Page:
I failed to mention on this blog, mea culpa, that I was going on a bit of a blogging hiatus, but I am back now (both physically and spiritually) and ready to resume blogging and beery things.  The good news is that I have timed my return with the Oregon Brewers Festival!  The OBF just keeps getting bigger and bigger and, unfortunately, more of a scene and a bit overrun (they anticipate nearly 80,000 attendees this year).  But if you are wise like me you have a nice afternoon on Thursday before the crowds get too crazy and enjoy the hard to get beers on offer.

[It is also worth noting that they do an very good job handling the crowds: the porta-potties are plentiful (this is a beer fest after-all, you are going to need a LOT of toilets), the lines get long for some popular beers, but are generally not too bad, and there is ample free drinking water]

This year I am even planning on joining the parade from the Cascade Barrel House to the OBF.  For me I always enjoy getting to sample great breweries like Boundary Bay that are not available in Oregon.  This year, Boundary Bay is offering up a Double Dry Hopped Delta Pale Ale which is right in my wheelhouse.  I was also happy to see that SF's 21st Amendment is finally bringing something other than the uber-popular Watermelon Wheat.  Kudos to them.

Some of the beers that piqued my interest (this being summer, I am particularly interested in lower ABV beers):

10 Barrel Brewing, Bend: Raspberry Crush.  A 5.2% ABV Raspberry tart beer with lacto and rice syrup.  Could be a great summer session beer.

Laurelwood, Portland: Portlandia Pils.  Apparently Van Havig (of Gigantic fame) had a hand in this pilsener brewed with Columbus, Cascade, Ahtanum, Simcoe, Amarillo and Centennial hops.  Wha?  This is a must-try.  No word on the yeast - ale or lager, would like to know - but at 5.5% it could be the hit of the fest. 

Boundary Bay, Bellingham: Double Dry Hopped Delta Pale Ale.  A 5.6% pale single hopped with Delta, a hop of which I am unfamiliar.  I'll know it intimately after this.

Ninkasi, Eugene:  Lady of Avalon. Ninkasi, masters of the hop bomb, rolling along with a 5.2% Pilsener that they lagered for four months.  Nice!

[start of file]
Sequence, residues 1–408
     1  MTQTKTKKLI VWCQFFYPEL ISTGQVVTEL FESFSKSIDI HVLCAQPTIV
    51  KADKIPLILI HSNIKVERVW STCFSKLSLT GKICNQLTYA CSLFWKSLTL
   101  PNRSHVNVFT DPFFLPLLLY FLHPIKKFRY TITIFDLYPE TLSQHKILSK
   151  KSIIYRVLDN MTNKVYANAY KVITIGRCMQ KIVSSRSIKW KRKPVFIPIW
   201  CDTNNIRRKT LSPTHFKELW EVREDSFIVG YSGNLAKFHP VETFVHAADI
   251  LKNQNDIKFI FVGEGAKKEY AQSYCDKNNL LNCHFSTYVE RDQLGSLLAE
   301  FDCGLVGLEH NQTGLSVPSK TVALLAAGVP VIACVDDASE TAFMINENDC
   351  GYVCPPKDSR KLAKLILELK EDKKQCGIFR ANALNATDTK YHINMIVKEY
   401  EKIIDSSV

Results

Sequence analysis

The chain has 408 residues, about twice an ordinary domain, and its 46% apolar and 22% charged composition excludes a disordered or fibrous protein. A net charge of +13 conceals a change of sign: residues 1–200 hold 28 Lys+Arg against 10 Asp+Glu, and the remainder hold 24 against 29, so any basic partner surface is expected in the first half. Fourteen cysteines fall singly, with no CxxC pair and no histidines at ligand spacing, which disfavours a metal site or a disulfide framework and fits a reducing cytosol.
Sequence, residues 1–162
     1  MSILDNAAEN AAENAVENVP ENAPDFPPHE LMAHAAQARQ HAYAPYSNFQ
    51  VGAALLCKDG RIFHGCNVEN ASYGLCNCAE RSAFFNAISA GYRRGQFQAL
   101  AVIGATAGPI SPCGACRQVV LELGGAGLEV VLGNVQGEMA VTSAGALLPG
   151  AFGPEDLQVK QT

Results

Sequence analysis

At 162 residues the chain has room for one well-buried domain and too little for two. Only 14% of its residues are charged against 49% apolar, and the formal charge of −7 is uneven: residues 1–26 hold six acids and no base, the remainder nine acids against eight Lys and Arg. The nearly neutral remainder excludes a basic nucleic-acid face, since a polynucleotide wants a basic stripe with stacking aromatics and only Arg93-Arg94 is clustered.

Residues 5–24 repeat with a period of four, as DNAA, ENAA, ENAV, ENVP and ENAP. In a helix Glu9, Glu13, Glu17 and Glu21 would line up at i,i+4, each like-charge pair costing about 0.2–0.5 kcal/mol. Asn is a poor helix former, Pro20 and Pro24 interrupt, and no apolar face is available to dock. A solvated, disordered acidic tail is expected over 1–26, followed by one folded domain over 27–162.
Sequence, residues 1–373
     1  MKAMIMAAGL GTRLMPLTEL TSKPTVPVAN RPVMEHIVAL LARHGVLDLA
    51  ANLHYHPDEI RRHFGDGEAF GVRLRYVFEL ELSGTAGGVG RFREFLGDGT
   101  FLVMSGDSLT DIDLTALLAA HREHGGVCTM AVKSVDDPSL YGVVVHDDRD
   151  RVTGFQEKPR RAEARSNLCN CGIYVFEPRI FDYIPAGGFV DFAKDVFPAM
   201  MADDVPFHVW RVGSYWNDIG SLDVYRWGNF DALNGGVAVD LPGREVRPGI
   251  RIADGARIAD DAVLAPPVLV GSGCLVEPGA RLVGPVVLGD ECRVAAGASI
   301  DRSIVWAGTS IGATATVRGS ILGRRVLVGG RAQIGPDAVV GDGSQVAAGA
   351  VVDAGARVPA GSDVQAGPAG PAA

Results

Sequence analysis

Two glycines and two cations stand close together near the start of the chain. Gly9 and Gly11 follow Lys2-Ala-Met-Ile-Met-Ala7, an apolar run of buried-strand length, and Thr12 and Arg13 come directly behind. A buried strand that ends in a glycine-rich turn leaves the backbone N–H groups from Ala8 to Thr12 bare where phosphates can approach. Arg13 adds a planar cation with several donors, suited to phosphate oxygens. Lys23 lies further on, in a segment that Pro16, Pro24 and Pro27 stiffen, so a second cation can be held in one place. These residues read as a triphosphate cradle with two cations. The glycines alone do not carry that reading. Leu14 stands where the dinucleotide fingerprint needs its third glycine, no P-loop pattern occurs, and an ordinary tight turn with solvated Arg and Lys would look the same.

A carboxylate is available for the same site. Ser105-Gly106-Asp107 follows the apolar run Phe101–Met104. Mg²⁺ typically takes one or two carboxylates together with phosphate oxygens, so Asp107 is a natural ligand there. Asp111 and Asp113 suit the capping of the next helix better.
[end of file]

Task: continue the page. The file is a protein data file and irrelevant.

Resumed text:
Russian River, Santa Rosa: Story of Simcoe.  Like the BB above, a single hopped adventure into the world of the Simcoe hop.  5.8% ABV.

Flat Tail, Corvallis: White Light / White Ale.  Okay so this is a 8% ABV bomb, but combining Flat Tail and Velvet Underground has got to be a sure winner.

Gigantic, Portland: Dynomite!  It is Gigantic and it is dynomite, what more is there to know?  At 8.9% even JJ would call it dynomite!, by the way,

There are surely many more that will pique yours, so go have a look at the list of the beers.

Here are the essentials:

Venue
Tom McCall Waterfront Park, Portland, Oregon Main entrance at S.W. Oak Street and Naito Parkway

Dates
July 26 - 29, 2012 — "Always the last full weekend in July"

Times
Thurs through Sat, taps are open from Noon to 9 p.m. Sun, taps are open from Noon to 7 p.m. Token & mug sales close one-half hour prior to the taps shutting off

Admission
Admission into the festival grounds is free. In order to consume beer, purchase of a 2012 souvenir mug is required and costs $6. Mugs from previous years will not be filled. Beer is purchased with wooden tokens. Tokens cost $1 apiece. Patrons pay four tokens for a full mug of beer, or one token for a taste. The festival is cash only; there are ATMs on-site.

Friday, June 29, 2012

Organic Beer Fest


The North American Organic Beer Festival is this weekend at Overlook Park in Portland.  The event, one of the season's best, starts today and continues through Sunday.  Overlook park is a lovely setting for the festival and with the explosion in organic ingredients the beer selection and quality should be excellent.

One caveat, however, to be organic in beer you need only to use organic malt not hops.  Organic hops are still hard to come by but it would be interesting to know if there are any beers at the festival that use both organic hops and malt.  

Monday, June 18, 2012

Will Sellwood-Westmoreland Finally Get a Real Brewpub?

Laurelwood coming to the former Springwater Grill space.

From PDX Eater via Brewpublic I learn that it is none other than Laurelwood Brewing Company that is set to take over the prime restaurant space on SE Milwaukie Ave in the heart of the Westmoreland business district that was most recently occupied by the Moreland House restaurant.  Prior to the Moreland House the space was the Springwater Grill.  Neither restaurant lasted terribly long in the space making me wonder why - it is such a great location.  Recently I mentioned the location to someone else who was looking for brewpub space as it is in my own self-interest being a Sellwood resident. 

But I suspect that Sellwood-Moreland will still be without a proper Brewpub.  I mentioned this lacuna in the blog a while back and someone responded that there are already three.  But not quite.  Philadelphia's is a sandwich shop with brewed on site beer.  Oak Bottom Public House is a fully realized pub but no brewing occurs there.  The Portland U-Brew Pub has brewed on-site beer but no kitchen (you can get paninis and such if you are hungry or, even better, scuttle next door to the San Felipe Taquria).  So there really is no fully realized brewpub in the neighborhood. I suspect the Laurelwood will be like the Oaks Bottom - full pub menu and Laurelwood beer, but trucked in from the Sandy Boulevard location, but you never know, they may try to cram in a little brewhouse. This is not a criticism of any of these places, just a statement of desire for a full-fledged brewpub that I ca walk to.